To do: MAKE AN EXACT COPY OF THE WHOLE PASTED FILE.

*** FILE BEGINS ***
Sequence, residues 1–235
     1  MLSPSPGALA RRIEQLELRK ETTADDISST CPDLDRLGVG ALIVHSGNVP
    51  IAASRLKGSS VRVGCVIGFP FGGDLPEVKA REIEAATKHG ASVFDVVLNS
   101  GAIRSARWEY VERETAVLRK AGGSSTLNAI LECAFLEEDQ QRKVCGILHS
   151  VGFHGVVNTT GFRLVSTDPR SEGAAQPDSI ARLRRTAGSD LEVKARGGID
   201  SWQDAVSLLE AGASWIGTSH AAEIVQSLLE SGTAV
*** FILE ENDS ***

Sequence, residues 1–235
     1  MLSPSPGALA RRIEQLELRK ETTADDISST CPDLDRLGVG ALIVHSGNVP
    51  IAASRLKGSS VRVGCVIGFP FGGDLPEVKA REIEAATKHG ASVFDVVLNS
   101  GAIRSARWEY VERETAVLRK AGGSSTLNAI LECAFLEEDQ QRKVCGILHS
   151  VGFHGVVNTT GFRLVSTDPR SEGAAQPDSI ARLRRTAGSD LEVKARGGID
   201  SWQDAVSLLE AGASWIGTSH AAEIVQSLLE SGTAV